Pip Bartlett's Guide to Magical Creatures
Jackson Pearce and Maggie Steifvater
Scholastic, 2015 184 pages
Pip Bartlett series book 1
Meet Pip Bartlett, who has an amazing ability: she can speak to magical creatures. Only no one believes her and so far it has only landed her into trouble. When Pip starts a unicorn riot, which demolishes her school's career day, her parents decide to take drastic measures. Pip is sent to spend the summer with her aunt, a magical creature's veterinarian, and Broadway-bound cousin. It is here that Pip encounters her aunt's nemesis, Mrs. Dreadbatch, who is against all magical creatures and is trying to shut down Aunt Emma's facility. Friendship comes in the form of neighbor boy Tomas, who despite his allergy to practically everything, becomes Pip's partner in crime. Pip happily updates her volume of Jeffrey Higgleston’s Guide to Magical Creatures with new information as she conducts her research, until a new creature threatens to wreck havoc on Aunt Emma's small town. Little harmless-appearing fuzzles start showing up around town in barns and underwear drawers. The problem with fuzzles is that they catch on fire when scared, which can quickly spread. Mrs. Dreadbatch is on the warpath to exterminate the fuzzles and the Higgleston Guide is no help. It is up to Pip to determine what has brought the fuzzles to town and why they won't leave in order to save them from extermination. She must depend on her new friends and family, her ability to communicate with magical animals, and determination and grit to save the little creatures from harm and defeat the intolerable Mrs. Dreadbatch.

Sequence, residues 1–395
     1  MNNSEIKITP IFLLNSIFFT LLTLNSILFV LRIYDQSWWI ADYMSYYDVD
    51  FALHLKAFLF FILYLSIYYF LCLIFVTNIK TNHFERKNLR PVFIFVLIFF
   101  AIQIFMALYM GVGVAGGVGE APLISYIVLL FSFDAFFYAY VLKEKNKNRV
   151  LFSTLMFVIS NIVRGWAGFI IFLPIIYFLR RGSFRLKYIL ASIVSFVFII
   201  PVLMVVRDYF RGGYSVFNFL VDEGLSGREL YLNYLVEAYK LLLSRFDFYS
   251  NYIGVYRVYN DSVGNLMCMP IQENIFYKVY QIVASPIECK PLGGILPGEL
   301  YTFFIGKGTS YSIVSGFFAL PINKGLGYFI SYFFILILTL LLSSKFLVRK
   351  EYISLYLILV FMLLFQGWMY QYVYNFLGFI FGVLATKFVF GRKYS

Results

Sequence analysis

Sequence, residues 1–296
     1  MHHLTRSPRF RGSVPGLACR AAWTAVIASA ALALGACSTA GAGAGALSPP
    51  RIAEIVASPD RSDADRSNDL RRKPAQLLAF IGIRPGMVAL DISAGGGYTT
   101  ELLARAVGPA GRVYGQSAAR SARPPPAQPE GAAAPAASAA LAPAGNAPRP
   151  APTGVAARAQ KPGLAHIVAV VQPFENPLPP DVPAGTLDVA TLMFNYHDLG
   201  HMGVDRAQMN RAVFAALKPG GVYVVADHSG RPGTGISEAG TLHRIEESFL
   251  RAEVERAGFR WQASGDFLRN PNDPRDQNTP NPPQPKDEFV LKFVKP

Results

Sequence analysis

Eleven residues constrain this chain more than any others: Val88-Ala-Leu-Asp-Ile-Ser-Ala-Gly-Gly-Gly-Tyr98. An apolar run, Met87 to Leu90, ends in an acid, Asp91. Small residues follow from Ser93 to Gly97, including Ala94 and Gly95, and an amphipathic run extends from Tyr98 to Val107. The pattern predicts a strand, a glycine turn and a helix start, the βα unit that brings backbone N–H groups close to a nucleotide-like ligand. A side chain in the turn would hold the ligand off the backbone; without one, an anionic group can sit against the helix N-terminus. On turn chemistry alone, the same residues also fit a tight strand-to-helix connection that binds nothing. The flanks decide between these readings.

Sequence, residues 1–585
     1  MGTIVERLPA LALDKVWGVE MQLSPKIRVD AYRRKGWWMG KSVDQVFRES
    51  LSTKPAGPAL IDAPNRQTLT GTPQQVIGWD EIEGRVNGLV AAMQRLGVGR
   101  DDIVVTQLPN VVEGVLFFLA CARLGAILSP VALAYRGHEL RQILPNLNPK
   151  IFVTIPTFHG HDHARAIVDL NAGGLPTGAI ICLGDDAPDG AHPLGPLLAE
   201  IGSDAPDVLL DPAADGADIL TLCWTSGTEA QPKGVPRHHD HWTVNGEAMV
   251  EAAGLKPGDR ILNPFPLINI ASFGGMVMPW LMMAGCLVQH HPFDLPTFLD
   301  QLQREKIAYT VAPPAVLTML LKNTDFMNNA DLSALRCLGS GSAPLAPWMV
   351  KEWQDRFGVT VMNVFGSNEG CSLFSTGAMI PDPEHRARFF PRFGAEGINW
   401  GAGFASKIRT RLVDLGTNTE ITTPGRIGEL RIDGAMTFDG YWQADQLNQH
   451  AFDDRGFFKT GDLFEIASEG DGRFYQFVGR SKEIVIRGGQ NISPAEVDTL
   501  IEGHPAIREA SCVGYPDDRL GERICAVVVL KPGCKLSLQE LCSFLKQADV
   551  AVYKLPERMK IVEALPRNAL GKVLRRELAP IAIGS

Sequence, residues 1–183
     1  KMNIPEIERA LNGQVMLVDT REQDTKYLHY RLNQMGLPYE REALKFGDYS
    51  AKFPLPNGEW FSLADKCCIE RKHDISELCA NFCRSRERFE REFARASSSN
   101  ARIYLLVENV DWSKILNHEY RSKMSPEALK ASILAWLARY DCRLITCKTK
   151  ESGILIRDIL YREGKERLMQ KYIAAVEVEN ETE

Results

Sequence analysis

Designed to look like a real guide to magical creatures, this eye-catching book will appeal to readers. A collaboration of two seasoned authors for young people, Pearce and Steifvater, know how to draw-in their target audience. Filled with madcap situations, humor, and fabulous beasts, this series opener will keep readers delightfully turning pages. The setting is contemporary suburban United States, yet with a slight twist: magical creatures do exist. Putting this premise in a completely relate-able situation will help kids to identify with Pip and completely give themselves over to the fantasy. The authors have utilized some creatures already part of the folklore cannon, such as unicorns, and have developed some of their own, such as fuzzles. Mrs. Dreadbatch is a perfect foil of the Scooby-Doo variety that all kids will love to hate. Readers will cheer as Pip out-smarts her and saves the day, as well as the clinic. The chapters have snappy headings, the print is a good size, and interesting design elements will draw in reluctant readers. The illustrations all appear to be labeled drawings from the actual guide and are relevant to both the format and the plot and add further interest. The book is cleverly written and is laugh-out-loud funny in certain parts. All readers will enjoy this book, from die-hard fantasy fans to children new to the genre. The series will appeal to readers of the How to Train Your Dragon series. As someone who likes to believe that unicorns are real and maybe exist on some isolated island somewhere, I loved this book and think that children will too.